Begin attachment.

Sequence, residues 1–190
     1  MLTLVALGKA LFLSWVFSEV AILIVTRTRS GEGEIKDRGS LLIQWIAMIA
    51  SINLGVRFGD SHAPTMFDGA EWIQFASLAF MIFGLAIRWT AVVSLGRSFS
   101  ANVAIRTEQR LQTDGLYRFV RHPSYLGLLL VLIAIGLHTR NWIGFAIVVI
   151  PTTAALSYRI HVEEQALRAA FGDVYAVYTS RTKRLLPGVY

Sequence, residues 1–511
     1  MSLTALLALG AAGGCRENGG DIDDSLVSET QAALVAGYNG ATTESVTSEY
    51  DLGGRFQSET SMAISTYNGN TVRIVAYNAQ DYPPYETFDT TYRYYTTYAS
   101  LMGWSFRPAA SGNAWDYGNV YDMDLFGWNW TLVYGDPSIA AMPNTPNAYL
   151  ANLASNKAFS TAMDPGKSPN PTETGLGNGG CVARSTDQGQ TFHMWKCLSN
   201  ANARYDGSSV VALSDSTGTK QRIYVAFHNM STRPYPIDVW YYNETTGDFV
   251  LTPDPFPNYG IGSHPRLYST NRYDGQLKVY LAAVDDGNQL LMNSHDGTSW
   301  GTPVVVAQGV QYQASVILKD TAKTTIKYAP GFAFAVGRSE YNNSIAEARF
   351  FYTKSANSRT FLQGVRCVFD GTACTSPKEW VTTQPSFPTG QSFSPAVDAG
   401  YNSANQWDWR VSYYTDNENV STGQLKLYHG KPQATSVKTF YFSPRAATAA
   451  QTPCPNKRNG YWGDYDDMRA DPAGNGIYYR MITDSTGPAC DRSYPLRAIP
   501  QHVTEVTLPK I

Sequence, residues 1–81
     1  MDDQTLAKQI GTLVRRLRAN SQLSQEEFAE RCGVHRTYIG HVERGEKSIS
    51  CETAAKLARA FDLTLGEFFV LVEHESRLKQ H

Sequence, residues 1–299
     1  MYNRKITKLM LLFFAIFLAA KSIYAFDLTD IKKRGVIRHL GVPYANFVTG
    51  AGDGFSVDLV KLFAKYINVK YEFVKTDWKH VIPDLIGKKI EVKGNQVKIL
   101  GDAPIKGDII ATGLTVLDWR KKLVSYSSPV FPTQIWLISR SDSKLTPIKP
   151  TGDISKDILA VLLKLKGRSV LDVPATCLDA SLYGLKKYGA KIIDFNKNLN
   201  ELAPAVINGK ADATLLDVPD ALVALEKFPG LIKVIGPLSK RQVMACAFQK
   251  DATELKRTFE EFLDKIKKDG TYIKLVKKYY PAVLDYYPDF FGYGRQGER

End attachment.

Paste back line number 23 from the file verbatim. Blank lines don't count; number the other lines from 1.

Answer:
    51  AGDGFSVDLV KLFAKYINVK YEFVKTDWKH VIPDLIGKKI EVKGNQVKIL